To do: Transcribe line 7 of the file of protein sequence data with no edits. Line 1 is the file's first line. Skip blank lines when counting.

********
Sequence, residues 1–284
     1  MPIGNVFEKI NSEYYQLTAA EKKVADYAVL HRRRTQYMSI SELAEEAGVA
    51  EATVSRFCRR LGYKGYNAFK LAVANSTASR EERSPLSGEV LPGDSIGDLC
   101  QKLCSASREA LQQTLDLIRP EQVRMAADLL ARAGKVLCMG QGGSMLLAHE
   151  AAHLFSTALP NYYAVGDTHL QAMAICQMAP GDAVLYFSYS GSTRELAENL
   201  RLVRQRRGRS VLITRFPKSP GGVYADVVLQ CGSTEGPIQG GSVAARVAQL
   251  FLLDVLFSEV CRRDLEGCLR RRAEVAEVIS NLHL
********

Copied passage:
   251  FLLDVLFSEV CRRDLEGCLR RRAEVAEVIS NLHL